Now the TargetCollider should call this method when  Hit is called. Since we don’t have a public reference to the controller we will use the GetComponentInParent to find it.

The TargetController is now responsible for dealing with the target destruction. So when this method is called we will just destroy the target GameObject.

On the last lesson we made the target rotate back before being destroyed but I think the behaviour was not as good as I imagined so I lets just the destroy the target automatically.

Now the Target Controller is in full control. The other components are completely isolated from their “siblings”.

Placing the Targets

To place the targets on the scene we will create some prefabs. First we need to make some changes to our target object. Lets start by scaling down a little bit our target.

Lesson 8: Finishing the Environment

If you are still using the old duplicate, create a new one using the new target object hierarchy.

Lesson 8: Finishing the Environment

Create a new Prefab to hold this target configuration. This target will be moving and rotating on the X axis – down/up.

Lesson 8: Finishing the Environment

Make some copies of this prefab and place on the first stage area. Don’t forget to adjust the duplicate position.

Lesson 8: Finishing the Environment

There will be some special cases where the target should not move but only rotate. In these cases you can use the same prefab and just remove the components you don’t need. But if you think you will be using this kind of target multiple times you can also create a new prefab.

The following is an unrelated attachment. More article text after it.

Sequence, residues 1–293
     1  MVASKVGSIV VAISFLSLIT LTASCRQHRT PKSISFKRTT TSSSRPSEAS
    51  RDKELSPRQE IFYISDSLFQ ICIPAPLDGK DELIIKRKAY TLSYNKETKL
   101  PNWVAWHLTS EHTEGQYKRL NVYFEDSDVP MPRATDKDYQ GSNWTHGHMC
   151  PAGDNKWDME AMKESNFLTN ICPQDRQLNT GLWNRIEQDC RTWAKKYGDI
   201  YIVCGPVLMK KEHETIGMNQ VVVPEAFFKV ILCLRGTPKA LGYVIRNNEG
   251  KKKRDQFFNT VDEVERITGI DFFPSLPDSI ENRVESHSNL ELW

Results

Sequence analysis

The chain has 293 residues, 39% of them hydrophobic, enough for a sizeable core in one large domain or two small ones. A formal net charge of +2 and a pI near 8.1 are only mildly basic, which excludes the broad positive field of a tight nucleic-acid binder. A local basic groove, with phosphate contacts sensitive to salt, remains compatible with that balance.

Lesson 8: Finishing the Environment

Lets create another prefab. This one will be stationary and only rotating on Y Axis – left/right. To create this new prefab we need to change the target pivot.

Lesson 8: Finishing the Environment

Lesson 8: Finishing the Environment

Lesson 8: Finishing the Environment

Lesson 8: Finishing the Environment

Now that the object is ready to rotate on the right axis lets place it correctly on the scene before creating the prefab. Adjust the initial rotation on the Y axis and the rotation angles on the Target Rotation script. Also disable the movement if you don’t want to target to move.

Lesson 8: Finishing the Environment

To make the target rotate on the other direction just change the rotation angles.

Lesson 8: Finishing the Environment

Use the prefabs and place the targets for each scene. Create a root object to group the targets for each stage. later we will create a Stage Manager that will be applied to this root object.

Lesson 8: Finishing the Environment

Lesson 8: Finishing the Environment

Shooting stuff

Now that we have our weapon working and our targets ready we need to actually be able to shoot and destroy them. So let’s see how to destroy the targets when hit by the Raycast.

In order to destroy the targets we need to change two scripts: Weapon and the TargetRotation.

First we need to change the Weapon script so it calls the Hit method on the TargetCollider when the object is hit.  When hit we check if the hit object has a TargetCollider and if true we call the Hit method.

Add the following code to the Weapon script inside the Raycast if block.